By Johan Schronen and Norman Joseph
Two attacks in five days apparently aimed at high-profile individals have sparked fears of a new phase in Cape Town's urban terror campaign.
Until now, most of the 21 incidents involved bombings apparently intended to cause damage and casualties among ordinary people.
But the killing of Wynberg Regional Court Magistrate Pietie Theron last week and last night's pipe-bomb attack outside a Gatesville hall, narrowly missing Western Cape Premier Gerald Morkel, indicate a new trend.
Seven people, including a child and a policeman, were injured when the bomb, tied to a tree, exploded outside the Samaj Centre, where the Democratic Alliance was holding a public meeting.
Public Prosecutions spokesman Sipho Ngwema said today: "If our investigations expose a trend of urban terrorist attacks targeting individuals, then we'll move swiftly to put the necessary measures in place."
"We have stepped up security around two judicial officers thought to be potential targets, but we'll work hand in glove with the various law enforcement agencies, including the public order policing unit, to ensure the safety of high-profile investigators, politicians and judicial officers."
Police spokesperson Denise Brand said police had a firm policy not to discuss specific potential targets of urban terrorists, whether an establishment or an individual.
The perpetrators of attacks also read newspapers.
"But we are assessing all aspects of the attacks and planning accordingly," she said.
The bomb went off at 8pm in front of the Samaj Centre, just four seconds after Mr Morkel had entered the building to address a local government election campaign meeting. The explosion damaged his official vehicle and that of his bodyguards, but they escaped injury.
The blast also injured the policeman and a nine-year-old girl, three women and two men.
Sergeant PJ Bukhali of the public order police was injured in both legs.
Provincial detective head Andre "Bek" du Toit said the injuries of the seven taken to a city hospital were caused by flying shrapnel, but most of the wounds were "superficial".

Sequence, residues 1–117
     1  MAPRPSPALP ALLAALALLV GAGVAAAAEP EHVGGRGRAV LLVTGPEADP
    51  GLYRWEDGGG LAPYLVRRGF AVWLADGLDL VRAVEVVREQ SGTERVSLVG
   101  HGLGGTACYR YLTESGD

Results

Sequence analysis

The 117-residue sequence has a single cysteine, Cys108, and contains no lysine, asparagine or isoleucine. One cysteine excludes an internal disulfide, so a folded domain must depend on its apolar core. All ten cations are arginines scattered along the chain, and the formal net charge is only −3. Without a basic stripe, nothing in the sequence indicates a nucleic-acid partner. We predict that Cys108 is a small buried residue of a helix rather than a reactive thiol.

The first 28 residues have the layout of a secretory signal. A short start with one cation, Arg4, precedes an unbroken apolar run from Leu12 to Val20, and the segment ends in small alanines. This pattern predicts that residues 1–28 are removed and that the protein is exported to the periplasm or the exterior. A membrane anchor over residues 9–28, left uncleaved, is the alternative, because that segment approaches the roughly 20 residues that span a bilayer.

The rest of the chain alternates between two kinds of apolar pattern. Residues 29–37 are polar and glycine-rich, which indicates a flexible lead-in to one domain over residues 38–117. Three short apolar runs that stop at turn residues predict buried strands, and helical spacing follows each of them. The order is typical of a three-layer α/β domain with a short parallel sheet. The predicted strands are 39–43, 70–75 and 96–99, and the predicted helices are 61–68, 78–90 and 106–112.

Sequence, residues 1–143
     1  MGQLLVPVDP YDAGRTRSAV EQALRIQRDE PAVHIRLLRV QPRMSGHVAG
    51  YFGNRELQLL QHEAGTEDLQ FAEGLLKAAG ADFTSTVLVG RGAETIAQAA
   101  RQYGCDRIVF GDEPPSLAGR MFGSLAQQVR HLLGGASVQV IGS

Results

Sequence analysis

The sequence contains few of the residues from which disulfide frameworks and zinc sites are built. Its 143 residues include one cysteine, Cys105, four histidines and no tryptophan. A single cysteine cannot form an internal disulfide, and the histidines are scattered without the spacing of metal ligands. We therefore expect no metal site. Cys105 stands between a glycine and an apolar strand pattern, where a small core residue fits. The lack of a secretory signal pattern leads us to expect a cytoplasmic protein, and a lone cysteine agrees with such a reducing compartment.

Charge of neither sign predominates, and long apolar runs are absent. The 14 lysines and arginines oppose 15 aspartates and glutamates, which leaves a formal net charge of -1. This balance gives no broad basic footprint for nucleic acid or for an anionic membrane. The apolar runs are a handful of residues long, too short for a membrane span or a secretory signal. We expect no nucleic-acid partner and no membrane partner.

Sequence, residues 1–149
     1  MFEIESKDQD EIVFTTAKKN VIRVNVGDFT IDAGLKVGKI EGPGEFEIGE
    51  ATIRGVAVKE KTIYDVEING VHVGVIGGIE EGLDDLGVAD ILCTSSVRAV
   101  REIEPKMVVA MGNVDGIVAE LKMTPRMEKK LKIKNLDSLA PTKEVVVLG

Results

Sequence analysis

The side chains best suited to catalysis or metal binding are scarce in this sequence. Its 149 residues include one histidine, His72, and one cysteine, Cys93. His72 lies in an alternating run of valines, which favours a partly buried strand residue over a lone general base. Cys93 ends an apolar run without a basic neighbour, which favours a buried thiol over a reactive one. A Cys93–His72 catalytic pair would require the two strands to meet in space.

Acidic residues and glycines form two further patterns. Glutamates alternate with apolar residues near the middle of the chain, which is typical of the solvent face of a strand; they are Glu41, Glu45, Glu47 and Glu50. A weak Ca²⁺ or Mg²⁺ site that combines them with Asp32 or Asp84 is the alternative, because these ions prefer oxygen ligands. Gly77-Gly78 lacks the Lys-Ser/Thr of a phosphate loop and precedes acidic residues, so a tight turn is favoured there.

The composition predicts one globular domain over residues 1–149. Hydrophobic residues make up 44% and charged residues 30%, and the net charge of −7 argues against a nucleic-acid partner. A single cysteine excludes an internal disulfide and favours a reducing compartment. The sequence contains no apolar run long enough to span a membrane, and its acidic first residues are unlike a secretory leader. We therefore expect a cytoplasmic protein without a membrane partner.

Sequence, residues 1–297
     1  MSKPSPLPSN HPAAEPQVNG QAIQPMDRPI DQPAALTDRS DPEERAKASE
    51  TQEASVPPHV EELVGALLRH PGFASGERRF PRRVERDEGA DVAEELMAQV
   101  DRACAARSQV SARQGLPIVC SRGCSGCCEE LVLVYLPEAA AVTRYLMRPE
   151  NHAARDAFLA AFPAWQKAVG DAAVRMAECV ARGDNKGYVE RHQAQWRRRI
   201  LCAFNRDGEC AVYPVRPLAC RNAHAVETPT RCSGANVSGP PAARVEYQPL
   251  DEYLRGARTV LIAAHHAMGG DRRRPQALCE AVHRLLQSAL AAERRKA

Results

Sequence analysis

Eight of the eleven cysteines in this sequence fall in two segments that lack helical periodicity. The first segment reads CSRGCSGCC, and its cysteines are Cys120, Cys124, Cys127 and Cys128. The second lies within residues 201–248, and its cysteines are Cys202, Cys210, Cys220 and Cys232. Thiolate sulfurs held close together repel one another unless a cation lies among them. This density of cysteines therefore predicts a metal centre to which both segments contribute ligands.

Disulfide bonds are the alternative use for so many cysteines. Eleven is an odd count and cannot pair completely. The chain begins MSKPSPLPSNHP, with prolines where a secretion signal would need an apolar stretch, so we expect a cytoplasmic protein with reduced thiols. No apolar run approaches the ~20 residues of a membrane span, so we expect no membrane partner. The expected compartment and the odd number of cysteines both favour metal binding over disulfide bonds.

Startled police, who were in the parking area to keep watch at the meeting, jumped into action seconds after the blast and ran to the foyer area to help the injured.
Others hurriedly cordoned off the streets around the centre and the neighbouring Gatesville Medi-Clinic, including parts of Yusuf Gool Boulevard.
Charlotte Williams, a New National Party councillor in the City of Cape Town, was about 50 metres from the scene, on her way to the meeting, when the bomb exploded in front of her.
Crying and shaking, she told how the force of the blast caused a tree to spiral into the air and others to fall over.
Williams claimed that the policemen assigned to safeguard the meeting were asleep in a police vehicle when the bomb went off.
Police attempted to arrest her and a friend, Angeline Dreyer.
But, Williams said, she identified herself to bewildered police members.
She said tearfully: "This is typical of the new South Africa, where there should be democracy. This kind of violence does not happen in other provinces.
"There are people who want to make our province ungovernable."
While the Democratic Alliance was holding its meeting, the African National Congress simultaneously held a similar gathering about 300 metres away in a community hall.
Saleem Mowzer, chairman of the City of Cape Town's executive committee and ANC ward councillor in the area, condemned the blast, saying people must be allowed to have "free political activity".
"We had to abandon our meeting because it sounded as if the bomb exploded near us."
Mowzer said the explosion was a clear threat by faceless cowards to prevent free political activity.